Healthcare data shown on clipboard
Case Study

Technology company discovers actionable insights and trends with SaaS Intelligence

Baker Tilly Digital helps Quest Analytics communicate key metrics with SaaS Intelligence.
Healthcare data shown on clipboard
Case Study

Technology company discovers actionable insights and trends with SaaS Intelligence

Baker Tilly Digital helps Quest Analytics communicate key metrics with SaaS Intelligence.

Client background

Quest Analytics is a technology company dedicated to improving healthcare provider network management and in turn, helping people across America receive the information and care they deserve. Their Provider Network Management platform brings trust, transparency and confidence in the process of measuring, managing and monitoring provider networks. Quest Analytics partners with both providers and healthcare organizations to address two significant issues facing the healthcare industry today: accessible networks and accurate provider directories.

When you keep everything in Excel and split your data by year, it can make trailing twelve-month analysis difficult and it’s less likely that you’ll discover actionable insights and trends. With Baker Tilly’s SaaS Intelligence, we can do that kind of analysis easily.
Sam Robertson, Corporate Controller, Quest Analytics

The business challenge

As the company moved more of its products and services to the cloud, it became clear that Quest Analytics should be measuring itself against and evaluating its business as a Software-as-a-Service company. Upgrading their financials from QuickBooks and spreadsheets was a major step in that direction and the company chose Sage Intacct over NetSuite. Sage Intacct’s subscription billing and contract management capabilities and its native integration with Salesforce made it the best solution for the organization.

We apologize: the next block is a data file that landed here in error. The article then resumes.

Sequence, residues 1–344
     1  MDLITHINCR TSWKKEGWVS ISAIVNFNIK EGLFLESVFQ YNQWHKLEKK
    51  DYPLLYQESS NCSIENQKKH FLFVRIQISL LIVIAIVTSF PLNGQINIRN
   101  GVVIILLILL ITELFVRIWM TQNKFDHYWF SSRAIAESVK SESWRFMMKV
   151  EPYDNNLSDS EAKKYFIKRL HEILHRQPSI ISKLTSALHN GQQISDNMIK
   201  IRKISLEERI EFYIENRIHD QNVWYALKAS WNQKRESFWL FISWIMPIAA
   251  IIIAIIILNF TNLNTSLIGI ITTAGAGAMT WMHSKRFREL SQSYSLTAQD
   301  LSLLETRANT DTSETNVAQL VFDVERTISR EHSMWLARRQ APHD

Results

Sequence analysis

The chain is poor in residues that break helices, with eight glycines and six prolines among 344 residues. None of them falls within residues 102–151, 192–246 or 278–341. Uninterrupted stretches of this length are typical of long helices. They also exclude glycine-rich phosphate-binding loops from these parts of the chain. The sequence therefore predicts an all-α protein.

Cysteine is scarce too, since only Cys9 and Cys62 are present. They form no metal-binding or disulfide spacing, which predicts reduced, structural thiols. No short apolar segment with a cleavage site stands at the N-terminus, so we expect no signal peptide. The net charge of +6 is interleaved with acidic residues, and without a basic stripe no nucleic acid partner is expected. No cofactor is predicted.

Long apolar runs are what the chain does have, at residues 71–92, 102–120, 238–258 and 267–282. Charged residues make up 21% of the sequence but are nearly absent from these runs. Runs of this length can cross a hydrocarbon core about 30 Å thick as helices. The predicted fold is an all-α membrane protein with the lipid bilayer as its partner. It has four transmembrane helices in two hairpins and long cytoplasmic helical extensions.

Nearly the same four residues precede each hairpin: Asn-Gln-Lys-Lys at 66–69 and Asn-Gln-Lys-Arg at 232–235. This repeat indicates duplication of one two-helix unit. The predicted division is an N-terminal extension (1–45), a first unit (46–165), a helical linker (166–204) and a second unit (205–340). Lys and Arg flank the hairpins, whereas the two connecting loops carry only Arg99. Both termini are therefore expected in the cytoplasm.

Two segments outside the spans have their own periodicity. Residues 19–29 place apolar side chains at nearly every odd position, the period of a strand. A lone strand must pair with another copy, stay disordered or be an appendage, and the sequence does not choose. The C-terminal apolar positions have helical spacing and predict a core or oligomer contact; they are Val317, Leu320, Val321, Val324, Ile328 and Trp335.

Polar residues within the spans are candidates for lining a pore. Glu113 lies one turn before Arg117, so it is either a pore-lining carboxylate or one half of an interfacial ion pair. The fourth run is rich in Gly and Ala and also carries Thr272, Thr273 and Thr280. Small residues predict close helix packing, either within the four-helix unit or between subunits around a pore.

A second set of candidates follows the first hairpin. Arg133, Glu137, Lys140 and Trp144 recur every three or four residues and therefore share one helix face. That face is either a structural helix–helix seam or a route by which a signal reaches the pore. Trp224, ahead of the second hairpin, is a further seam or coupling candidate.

Quest Analytics originally looked at Sage Intacct’s Digital Board Book application as a SaaS and subscription metrics tracking solution but ultimately selected SaaS Intelligence to provide those KPIs. Baker Tilly Digital's SaaS Intelligence is built on the Sage Intacct development platform, so it sits natively inside Sage Intacct, and it automatically categorizes transactions in real-time using a sophisticated intelligence engine, providing metrics that are automatic, reliable and insightful.

We spoke with Sam Robertson, corporate controller at Quest Analytics, about the shift the company has made recently and how Baker Tilly Digital has been able to play a part in that transformation.

“The company has been in business since 2003 and had historically been a desktop software provider,” says Robertson. “As we moved more of our solutions to the cloud, we knew we needed to think in terms of more complex multiyear, multi-element contracts, and that managing those contracts with QuickBooks and spreadsheets wasn’t going to work long term.” Robertson knew they needed an ERP system, Sage Intacct, that could manage their increasingly complex billing and revenue recognition requirements, while also automating the tracking of crucial SaaS KPIs for the organization – for this, he turned to SaaS Intelligence.